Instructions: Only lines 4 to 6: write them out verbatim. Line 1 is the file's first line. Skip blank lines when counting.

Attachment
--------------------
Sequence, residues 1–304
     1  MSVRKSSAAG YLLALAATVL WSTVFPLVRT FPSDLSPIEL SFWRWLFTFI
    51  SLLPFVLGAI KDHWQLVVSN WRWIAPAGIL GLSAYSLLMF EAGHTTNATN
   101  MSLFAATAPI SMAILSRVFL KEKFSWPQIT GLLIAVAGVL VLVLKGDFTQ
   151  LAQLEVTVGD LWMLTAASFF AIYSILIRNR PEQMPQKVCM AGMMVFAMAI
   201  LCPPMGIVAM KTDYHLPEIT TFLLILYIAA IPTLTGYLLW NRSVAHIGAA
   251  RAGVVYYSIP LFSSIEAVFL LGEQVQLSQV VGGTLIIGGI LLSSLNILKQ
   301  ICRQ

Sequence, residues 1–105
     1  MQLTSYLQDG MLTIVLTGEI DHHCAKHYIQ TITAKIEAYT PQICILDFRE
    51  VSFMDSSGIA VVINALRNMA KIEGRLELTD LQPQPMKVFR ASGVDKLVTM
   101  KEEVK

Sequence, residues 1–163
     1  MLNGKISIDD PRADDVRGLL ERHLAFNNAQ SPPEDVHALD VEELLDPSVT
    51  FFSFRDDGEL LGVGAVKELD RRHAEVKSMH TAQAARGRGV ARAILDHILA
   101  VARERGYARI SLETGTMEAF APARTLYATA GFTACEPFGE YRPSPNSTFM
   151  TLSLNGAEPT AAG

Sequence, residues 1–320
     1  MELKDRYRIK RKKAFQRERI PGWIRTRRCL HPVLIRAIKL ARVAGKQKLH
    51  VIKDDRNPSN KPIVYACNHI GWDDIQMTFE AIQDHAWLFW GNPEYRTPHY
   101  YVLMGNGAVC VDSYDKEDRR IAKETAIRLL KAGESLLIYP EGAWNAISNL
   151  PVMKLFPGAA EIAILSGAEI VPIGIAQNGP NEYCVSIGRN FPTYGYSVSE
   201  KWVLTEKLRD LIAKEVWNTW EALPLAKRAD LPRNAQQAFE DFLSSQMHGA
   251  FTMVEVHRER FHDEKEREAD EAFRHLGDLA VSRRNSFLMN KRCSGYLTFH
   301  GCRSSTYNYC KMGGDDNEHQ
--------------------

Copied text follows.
   101  MSLFAATAPI SMAILSRVFL KEKFSWPQIT GLLIAVAGVL VLVLKGDFTQ
   151  LAQLEVTVGD LWMLTAASFF AIYSILIRNR PEQMPQKVCM AGMMVFAMAI
   201  LCPPMGIVAM KTDYHLPEIT TFLLILYIAA IPTLTGYLLW NRSVAHIGAA